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Constitutional Recognition Relating to Aboriginal and Torres Strait Islander Peoples
Matters relating to constitutional change

de VILLIERS, Professor Bertus, Adjunct Professor, Curtin Law School

Committee met at 09:00

Evidence was taken via teleconference—

CHAIR ( Senator Dodson ): I declare open this hearing of the Joint Select Committee on Constitutional Recognition Relating to Aboriginal and Torres Strait Islander Peoples. I acknowledge that we are on the country of the Noongar people. I respect their laws and customs as they apply to these lands, and I acknowledge their leaders. With me this morning is the co-chair, Mr Leeser. There are other members of our committee, but unfortunately they are not present today and so there is just the two of us.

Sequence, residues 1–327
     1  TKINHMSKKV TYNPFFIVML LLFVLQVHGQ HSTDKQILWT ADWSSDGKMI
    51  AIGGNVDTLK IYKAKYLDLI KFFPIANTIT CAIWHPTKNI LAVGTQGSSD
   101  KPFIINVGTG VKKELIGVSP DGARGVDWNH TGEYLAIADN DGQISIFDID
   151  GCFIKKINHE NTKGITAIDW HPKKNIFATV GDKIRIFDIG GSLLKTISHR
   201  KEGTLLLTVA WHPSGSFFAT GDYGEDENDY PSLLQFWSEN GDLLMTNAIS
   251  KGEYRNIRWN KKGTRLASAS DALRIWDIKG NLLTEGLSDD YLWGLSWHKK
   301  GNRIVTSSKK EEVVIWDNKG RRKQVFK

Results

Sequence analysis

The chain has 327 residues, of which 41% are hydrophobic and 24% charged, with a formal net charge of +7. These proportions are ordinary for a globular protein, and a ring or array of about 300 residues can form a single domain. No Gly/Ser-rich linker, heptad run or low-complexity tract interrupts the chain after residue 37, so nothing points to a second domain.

The committee was established by the Australian parliament to progress the notion of recognition of Aboriginal and Torres Strait Islander peoples. Our work is informed by the regional dialogues undertaken by the Referendum Council last year, which culminated in the Uluru Statement from the Heart. As you would be aware, the Uluru statement recommended a First Nations voice to advise the Australian parliament. Our work is also informed by the earlier works of the 2015 parliamentary committee and the 2012 Expert Panel on Constitutional Recognition of Indigenous Australians. We are also, in our terms of reference, looking at the effectiveness of consultations in terms of organisations' capacities to have greater self-determination and to achieve economic self-sufficiency.